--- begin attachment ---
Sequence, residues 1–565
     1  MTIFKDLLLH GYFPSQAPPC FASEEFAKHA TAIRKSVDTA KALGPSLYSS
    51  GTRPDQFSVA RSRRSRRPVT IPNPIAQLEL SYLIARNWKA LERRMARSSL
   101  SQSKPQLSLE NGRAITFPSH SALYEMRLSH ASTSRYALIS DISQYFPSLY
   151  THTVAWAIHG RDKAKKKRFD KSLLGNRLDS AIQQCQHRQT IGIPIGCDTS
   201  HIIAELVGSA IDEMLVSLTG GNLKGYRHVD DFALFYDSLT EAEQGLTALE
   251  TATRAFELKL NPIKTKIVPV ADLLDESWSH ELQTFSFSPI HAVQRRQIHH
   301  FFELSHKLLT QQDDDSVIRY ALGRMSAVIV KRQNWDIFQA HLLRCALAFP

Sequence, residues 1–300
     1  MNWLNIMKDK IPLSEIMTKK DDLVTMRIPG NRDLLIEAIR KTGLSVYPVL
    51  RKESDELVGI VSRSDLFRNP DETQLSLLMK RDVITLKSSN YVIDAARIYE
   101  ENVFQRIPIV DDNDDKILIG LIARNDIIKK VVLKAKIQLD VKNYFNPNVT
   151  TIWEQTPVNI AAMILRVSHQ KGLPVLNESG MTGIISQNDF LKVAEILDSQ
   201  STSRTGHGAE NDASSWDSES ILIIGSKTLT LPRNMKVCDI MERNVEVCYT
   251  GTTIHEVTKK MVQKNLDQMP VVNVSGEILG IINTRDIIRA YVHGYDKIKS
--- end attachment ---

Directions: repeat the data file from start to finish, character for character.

Sequence, residues 1–565
     1  MTIFKDLLLH GYFPSQAPPC FASEEFAKHA TAIRKSVDTA KALGPSLYSS
    51  GTRPDQFSVA RSRRSRRPVT IPNPIAQLEL SYLIARNWKA LERRMARSSL
   101  SQSKPQLSLE NGRAITFPSH SALYEMRLSH ASTSRYALIS DISQYFPSLY
   151  THTVAWAIHG RDKAKKKRFD KSLLGNRLDS AIQQCQHRQT IGIPIGCDTS
   201  HIIAELVGSA IDEMLVSLTG GNLKGYRHVD DFALFYDSLT EAEQGLTALE
   251  TATRAFELKL NPIKTKIVPV ADLLDESWSH ELQTFSFSPI HAVQRRQIHH
   301  FFELSHKLLT QQDDDSVIRY ALGRMSAVIV KRQNWDIFQA HLLRCALAFP

Sequence, residues 1–300
     1  MNWLNIMKDK IPLSEIMTKK DDLVTMRIPG NRDLLIEAIR KTGLSVYPVL
    51  RKESDELVGI VSRSDLFRNP DETQLSLLMK RDVITLKSSN YVIDAARIYE
   101  ENVFQRIPIV DDNDDKILIG LIARNDIIKK VVLKAKIQLD VKNYFNPNVT
   151  TIWEQTPVNI AAMILRVSHQ KGLPVLNESG MTGIISQNDF LKVAEILDSQ
   201  STSRTGHGAE NDASSWDSES ILIIGSKTLT LPRNMKVCDI MERNVEVCYT
   251  GTTIHEVTKK MVQKNLDQMP VVNVSGEILG IINTRDIIRA YVHGYDKIKS